An ample buffet of freshwater food, brought on by climate change, is altering the life history of one of the world’s most important salmon species.
Sockeye salmon in Alaska’s Bristol Bay region are skipping an entire year in freshwater because climate change has produced more favorable conditions in lakes and streams, which allow the young fish to grow and put on weight much faster. Previously, these fish would spend up to two years in their birth lakes before heading to the ocean, where they feed and reach maturity two to three years later. Now they are more likely to head out to sea after only one year.
These findings were published in Nature Ecology & Evolution by University of Washington researchers.
“Climate change is literally speeding up the early part of their lifecycle across the whole region,” said senior author Daniel Schindler, a UW professor in the School of Aquatic and Fishery Sciences. “We know climate warming is making rivers more productive for the food juvenile salmon eat, meaning their growth rate is speeding up. That puts the salmon on a growth trajectory that moves them to the ocean faster.”
But this “jumpstart” in freshwater doesn’t necessarily benefit salmon in the long run. The same fish are now spending an extra year in the ocean, taking longer to grow and mature. This extra year at sea is likely caused by climate stressors, as well as other fish: In the ocean, wild sockeye compete for food with close to 6 billion hatchery-raised salmon released each year throughout the North Pacific Ocean. That number has grown steadily since the 1970s, when only half a billion hatchery salmon were released.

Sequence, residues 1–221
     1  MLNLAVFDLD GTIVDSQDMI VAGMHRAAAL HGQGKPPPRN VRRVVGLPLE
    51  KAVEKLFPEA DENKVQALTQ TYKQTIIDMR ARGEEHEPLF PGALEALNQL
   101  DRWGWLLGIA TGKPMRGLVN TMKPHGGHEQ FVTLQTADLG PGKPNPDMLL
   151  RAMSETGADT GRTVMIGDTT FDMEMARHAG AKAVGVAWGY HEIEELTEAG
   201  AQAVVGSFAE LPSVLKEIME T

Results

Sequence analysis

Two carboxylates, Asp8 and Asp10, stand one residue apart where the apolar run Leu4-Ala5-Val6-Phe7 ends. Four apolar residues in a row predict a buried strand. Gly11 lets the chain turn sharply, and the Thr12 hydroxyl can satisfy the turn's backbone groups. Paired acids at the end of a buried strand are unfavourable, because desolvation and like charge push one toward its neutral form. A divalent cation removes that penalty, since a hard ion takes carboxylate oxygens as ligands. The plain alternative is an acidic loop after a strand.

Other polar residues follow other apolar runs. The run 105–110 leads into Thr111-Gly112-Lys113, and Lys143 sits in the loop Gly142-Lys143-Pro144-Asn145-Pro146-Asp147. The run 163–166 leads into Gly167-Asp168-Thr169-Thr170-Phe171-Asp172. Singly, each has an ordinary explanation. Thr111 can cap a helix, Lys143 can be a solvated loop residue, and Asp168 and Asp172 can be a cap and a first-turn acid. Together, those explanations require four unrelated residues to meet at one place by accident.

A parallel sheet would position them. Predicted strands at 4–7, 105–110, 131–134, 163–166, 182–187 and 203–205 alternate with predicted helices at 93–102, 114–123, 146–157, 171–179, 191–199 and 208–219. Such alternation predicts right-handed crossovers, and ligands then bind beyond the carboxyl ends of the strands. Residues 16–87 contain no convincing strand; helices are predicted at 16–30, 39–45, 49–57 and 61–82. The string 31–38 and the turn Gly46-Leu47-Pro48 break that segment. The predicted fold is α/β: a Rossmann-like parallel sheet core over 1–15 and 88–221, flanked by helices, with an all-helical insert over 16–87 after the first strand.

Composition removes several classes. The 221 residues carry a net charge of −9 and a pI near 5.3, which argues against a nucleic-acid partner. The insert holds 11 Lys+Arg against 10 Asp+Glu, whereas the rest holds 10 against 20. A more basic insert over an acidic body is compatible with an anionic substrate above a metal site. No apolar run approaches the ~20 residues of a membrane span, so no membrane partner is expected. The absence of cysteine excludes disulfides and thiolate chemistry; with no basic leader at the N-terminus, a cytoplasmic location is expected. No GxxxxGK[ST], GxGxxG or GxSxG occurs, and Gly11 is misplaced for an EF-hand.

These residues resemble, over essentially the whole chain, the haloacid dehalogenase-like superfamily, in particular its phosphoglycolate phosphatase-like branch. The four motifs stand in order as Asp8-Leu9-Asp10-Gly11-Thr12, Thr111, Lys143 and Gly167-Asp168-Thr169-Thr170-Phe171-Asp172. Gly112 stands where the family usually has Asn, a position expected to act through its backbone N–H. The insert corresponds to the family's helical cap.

“Hatchery fish have really changed the competitive environment for juvenile salmon in the ocean,” said lead author Timothy Cline, a postdoctoral researcher at the University of Michigan who completed this work as a doctoral student at the UW. “In Bristol Bay, the habitat is totally intact and fisheries management is excellent, but these fish are living in lakes warming with climate change, then competing with other salmon for food in the ocean.”
The researchers drew on nearly 60 years of Bristol Bay sockeye data to tease out these changes over time, including information gathered by scientists and students in the UW’s Alaska Salmon Program. Close to half of the world’s wild sockeye is caught from this region, and more than 40 million fish usually return each year to Bristol Bay’s nine river systems to spawn.
Higher temperatures in the region have caused lakes and rivers to warm up earlier each spring, fueling the growth of tiny plankton that young sockeye eat. This extra food essentially fattens up the fish a year earlier, triggering their migration to the ocean.
This trend could negatively impact the resiliency of the Bristol Bay sockeye population, the authors said. Before, not every fish in a particular “age class” would migrate to the ocean in the same year, and any given year would see fish of different ages moving out to sea. This diversity of ages has helped the species navigate risks and survive.
But now, most sockeye are migrating at the same time, as 1-year-olds. This could devastate an entire age class if the ocean conditions happen to be poor one year. Additionally, scientists don’t know how many salmon the North Pacific can actually support.
“With climate change, is there a limit to how productive the ocean will become? We just don’t know where there’s a tipping point, especially as we fill the ocean with hatchery competitors,” Schindler said. “We need to be really cognizant about overstressing the marine resources that support wild salmon.”
Co-author on the study is Jan Ohlberger, a research scientist at the UW School of Aquatic and Fishery Sciences.
The study was funded by the National Science Foundation and the Gordon and Betty Moore Foundation.